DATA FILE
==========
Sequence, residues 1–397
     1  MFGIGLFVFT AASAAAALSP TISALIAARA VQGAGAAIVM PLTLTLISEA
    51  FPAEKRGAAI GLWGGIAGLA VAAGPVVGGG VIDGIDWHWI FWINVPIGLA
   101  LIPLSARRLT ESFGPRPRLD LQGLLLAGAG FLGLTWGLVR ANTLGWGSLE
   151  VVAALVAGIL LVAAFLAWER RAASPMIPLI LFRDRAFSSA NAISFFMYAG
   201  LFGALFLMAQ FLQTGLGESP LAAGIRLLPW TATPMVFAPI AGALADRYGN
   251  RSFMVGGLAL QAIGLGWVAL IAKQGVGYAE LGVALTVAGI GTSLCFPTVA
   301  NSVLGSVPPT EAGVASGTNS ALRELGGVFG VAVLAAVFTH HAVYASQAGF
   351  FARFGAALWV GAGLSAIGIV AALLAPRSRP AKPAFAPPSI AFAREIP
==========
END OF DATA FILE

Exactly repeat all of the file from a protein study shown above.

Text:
Sequence, residues 1–397
     1  MFGIGLFVFT AASAAAALSP TISALIAARA VQGAGAAIVM PLTLTLISEA
    51  FPAEKRGAAI GLWGGIAGLA VAAGPVVGGG VIDGIDWHWI FWINVPIGLA
   101  LIPLSARRLT ESFGPRPRLD LQGLLLAGAG FLGLTWGLVR ANTLGWGSLE
   151  VVAALVAGIL LVAAFLAWER RAASPMIPLI LFRDRAFSSA NAISFFMYAG
   201  LFGALFLMAQ FLQTGLGESP LAAGIRLLPW TATPMVFAPI AGALADRYGN
   251  RSFMVGGLAL QAIGLGWVAL IAKQGVGYAE LGVALTVAGI GTSLCFPTVA
   301  NSVLGSVPPT EAGVASGTNS ALRELGGVFG VAVLAAVFTH HAVYASQAGF
   351  FARFGAALWV GAGLSAIGIV AALLAPRSRP AKPAFAPPSI AFAREIP